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The arrival of January 1919 sees Europe in turmoil, with revolution breaking out across the Continent. Glasgow’s industrial community has been steeled by radicalism throughout the Great War, and as the spectre of mass unemployment and poverty threatens, a cadre of shop stewards, supported by political activists, is ready to strike for a forty-hour week. They face a state nervous of their strength and anxious about the wider consequences of their action, with the War Cabinet monitoring the situation closely.

On 31 January, now known as Bloody Friday, tensions came to a head when 60,000 demonstrators clashed with police in George Square. The ‘Scottish Bolshevik Revolution’ (so termed by the Secretary of State for Scotland) erupted, with tanks and 10,000 soldiers immediately despatched to the city to enforce order. The strike may have failed, but 1922 saw the arrival of Red Clydeside, as the Independent Labour Party swept the board in the general election.

Now, 100 years on, Kenny MacAskill separates fact from fiction in this adept social history to explore how the events of that fateful day transpired and why their legacy still endures. Drawing on original material from speeches and newspaper reports of the time, MacAskill also paints a vivid picture of the solidarity amongst the working class in a rousing testimony to Glasgow’s long radical history.


“MacAskill is at his best as a writer when getting to grips with the detail of events; set-pieces such as the fracas in George Square are portrayed in great depth and with an eye for the dramatic moment.”

Scottish Labour History

“Capital versus labour; policemen’s truncheons smashing skulls under flat caps, with army tanks brought into George Square as the establishment tries to crush dissent. Revolutionaries versus reformers fight it out, dreaming of the best way to achieve dignity amongst the penury. What might have been if there was more unity throughout the country? This is a terrific popular history by Kenny MacAskill, setting the imagination alive as the decades flash before us.”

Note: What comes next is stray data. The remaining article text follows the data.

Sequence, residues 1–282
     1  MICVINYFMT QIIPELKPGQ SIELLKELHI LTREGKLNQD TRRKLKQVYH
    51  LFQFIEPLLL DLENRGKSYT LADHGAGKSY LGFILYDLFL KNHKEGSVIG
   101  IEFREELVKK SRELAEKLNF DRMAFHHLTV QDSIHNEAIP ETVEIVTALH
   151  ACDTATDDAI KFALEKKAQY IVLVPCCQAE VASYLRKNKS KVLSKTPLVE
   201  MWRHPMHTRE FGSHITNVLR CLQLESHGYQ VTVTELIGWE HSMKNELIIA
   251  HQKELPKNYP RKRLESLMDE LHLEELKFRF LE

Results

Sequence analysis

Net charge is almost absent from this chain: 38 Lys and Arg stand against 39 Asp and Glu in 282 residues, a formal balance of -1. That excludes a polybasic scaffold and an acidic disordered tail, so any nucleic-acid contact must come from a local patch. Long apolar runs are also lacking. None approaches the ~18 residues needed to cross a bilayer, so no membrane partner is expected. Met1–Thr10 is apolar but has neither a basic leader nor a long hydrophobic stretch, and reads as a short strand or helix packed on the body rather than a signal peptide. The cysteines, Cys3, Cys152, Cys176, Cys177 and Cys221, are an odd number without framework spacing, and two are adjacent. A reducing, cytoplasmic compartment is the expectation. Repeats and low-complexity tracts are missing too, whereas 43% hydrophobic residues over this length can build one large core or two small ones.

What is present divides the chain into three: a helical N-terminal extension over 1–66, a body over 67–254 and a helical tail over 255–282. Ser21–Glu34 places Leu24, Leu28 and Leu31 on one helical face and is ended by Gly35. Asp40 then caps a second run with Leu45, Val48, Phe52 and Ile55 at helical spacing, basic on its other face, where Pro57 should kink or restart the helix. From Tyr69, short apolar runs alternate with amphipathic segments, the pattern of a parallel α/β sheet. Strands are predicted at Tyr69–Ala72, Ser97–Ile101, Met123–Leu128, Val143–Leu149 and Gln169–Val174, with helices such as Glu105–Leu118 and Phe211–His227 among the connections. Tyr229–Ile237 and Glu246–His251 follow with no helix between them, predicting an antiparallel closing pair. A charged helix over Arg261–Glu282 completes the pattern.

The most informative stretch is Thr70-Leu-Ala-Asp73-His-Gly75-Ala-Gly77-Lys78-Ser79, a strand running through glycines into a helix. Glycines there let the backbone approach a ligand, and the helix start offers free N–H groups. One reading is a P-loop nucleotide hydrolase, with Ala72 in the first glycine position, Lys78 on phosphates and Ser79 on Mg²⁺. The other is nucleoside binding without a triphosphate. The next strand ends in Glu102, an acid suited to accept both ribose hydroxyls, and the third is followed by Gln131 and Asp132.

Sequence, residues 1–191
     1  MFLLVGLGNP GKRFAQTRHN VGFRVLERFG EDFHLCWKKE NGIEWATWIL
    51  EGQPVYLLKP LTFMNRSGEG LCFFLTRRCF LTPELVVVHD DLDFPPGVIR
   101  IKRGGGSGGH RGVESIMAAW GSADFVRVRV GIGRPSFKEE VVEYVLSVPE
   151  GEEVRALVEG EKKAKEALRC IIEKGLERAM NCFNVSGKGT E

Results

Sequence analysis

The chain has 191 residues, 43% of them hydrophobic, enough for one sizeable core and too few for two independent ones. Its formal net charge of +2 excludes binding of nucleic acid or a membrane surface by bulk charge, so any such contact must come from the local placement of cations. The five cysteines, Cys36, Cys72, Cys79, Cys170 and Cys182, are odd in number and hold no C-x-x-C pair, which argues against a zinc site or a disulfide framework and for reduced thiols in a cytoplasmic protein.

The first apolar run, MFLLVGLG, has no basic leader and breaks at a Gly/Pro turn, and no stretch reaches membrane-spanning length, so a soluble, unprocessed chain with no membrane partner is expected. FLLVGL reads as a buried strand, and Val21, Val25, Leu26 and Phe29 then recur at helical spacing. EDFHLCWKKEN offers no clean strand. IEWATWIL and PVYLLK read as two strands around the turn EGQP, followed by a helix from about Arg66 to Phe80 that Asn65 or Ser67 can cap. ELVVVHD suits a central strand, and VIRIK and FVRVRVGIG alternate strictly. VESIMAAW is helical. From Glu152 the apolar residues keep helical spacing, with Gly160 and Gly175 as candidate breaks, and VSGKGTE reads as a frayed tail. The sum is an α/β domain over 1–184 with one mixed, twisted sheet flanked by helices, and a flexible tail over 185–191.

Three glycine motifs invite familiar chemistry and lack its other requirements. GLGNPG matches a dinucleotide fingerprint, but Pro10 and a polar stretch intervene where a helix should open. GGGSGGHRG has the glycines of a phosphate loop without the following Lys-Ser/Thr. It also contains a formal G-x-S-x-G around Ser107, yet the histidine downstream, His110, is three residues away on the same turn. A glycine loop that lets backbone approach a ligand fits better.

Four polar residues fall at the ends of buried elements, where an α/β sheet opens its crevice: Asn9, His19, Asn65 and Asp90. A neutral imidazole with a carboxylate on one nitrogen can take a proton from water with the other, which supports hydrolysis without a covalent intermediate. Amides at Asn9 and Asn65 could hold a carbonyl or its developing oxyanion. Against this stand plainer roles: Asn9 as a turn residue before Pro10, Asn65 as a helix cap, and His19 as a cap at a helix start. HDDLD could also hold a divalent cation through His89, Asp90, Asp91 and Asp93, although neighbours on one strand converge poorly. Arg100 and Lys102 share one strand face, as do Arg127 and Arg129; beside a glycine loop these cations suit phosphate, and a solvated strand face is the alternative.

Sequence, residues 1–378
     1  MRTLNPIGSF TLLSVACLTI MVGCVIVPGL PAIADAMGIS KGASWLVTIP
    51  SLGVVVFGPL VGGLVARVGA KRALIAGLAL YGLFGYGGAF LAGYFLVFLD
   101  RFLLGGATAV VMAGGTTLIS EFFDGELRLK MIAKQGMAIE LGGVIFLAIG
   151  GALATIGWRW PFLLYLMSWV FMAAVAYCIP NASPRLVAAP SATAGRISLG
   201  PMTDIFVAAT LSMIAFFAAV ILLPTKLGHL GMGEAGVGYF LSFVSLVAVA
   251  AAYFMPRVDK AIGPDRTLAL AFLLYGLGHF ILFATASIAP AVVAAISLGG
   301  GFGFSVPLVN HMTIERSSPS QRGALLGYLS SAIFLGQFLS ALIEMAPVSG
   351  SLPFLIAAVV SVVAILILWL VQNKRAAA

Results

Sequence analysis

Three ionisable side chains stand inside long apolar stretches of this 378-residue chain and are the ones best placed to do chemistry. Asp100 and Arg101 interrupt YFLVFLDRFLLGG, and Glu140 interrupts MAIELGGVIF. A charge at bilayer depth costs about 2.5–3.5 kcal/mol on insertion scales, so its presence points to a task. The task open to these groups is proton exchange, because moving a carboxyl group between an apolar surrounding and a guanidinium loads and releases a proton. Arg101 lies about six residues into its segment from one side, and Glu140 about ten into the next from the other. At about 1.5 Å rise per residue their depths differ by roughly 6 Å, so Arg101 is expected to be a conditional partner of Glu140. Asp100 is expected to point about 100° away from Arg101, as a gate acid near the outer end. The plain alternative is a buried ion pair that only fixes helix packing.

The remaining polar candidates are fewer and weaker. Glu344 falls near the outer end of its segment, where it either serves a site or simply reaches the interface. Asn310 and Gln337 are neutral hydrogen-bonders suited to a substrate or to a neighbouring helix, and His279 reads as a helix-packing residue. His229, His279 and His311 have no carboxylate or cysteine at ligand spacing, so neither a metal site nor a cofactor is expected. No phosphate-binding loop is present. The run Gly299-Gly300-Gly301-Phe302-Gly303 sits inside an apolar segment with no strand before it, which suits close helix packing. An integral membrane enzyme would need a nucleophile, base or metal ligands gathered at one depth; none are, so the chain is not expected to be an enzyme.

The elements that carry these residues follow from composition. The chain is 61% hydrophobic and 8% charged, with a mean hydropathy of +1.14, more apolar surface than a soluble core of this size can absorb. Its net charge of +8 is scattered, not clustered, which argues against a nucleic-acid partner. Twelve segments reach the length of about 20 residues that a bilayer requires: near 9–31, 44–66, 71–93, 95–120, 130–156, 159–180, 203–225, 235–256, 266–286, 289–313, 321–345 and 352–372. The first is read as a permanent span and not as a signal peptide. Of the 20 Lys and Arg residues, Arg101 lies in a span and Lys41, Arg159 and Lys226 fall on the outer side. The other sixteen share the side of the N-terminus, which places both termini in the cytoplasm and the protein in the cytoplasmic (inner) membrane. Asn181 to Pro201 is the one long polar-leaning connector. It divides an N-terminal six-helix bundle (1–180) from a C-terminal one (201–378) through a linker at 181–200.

Paul Laverty, screenwriter of The Wind that Shakes the Barley and I, Daniel Blake

“A new and thoughtful insight into a vital part of our history that has had such an impact on our political, social and economic landscape, and which many of us still share and believe in today.”​

Henry McLeish, former First Minister of Scotland

“With impeccable research and a brilliant way with words, Kenny MacAskill has written a hugely rich and unapologetically frank book on the history of Bloody Friday in Glasgow. Comprehensive in scope, once you start reading it’s an eye-opener you can’t put down.”

Harry Benson CBE, award-winning photojournalist

“As the Great War ended, a century ago, revolutions broke out all over Europe. Some were ‘social’ and Bolshevik, some were national. The socialist uprisings failed, but left fateful consequences: middle-class terror of ‘Reds’, and – ironically – the strengthening of capitalism through welfare states and the acceptance of collective bargaining. In this thrilling book, Kenny MacAskill pilots us down Red Clydeside to the brink of its Niagara – a real revolution – and shows why it didn’t go over the edge. This is the story of Glasgow as a great city awakening to its own strength – the incredible power of mobilising hundreds of thousands of working men and women to defy authority and battle for justice. But MacAskill also reveals how Red Clydeside’s leaders failed to crack the government’s confidence in its ability to rule. Revolution was postponed: most of the strike leaders became Labour MPs driving social reform in decades to come.”

Neal Ascherson, journalist and writer

“The book is well written and clearly done with an admiration for the people and events he writes about.” 

Jeff Jackson, Socialist Review
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  • eBook
  • ISBN: 9781785904585
  • 22 January 2019
  • £16.99

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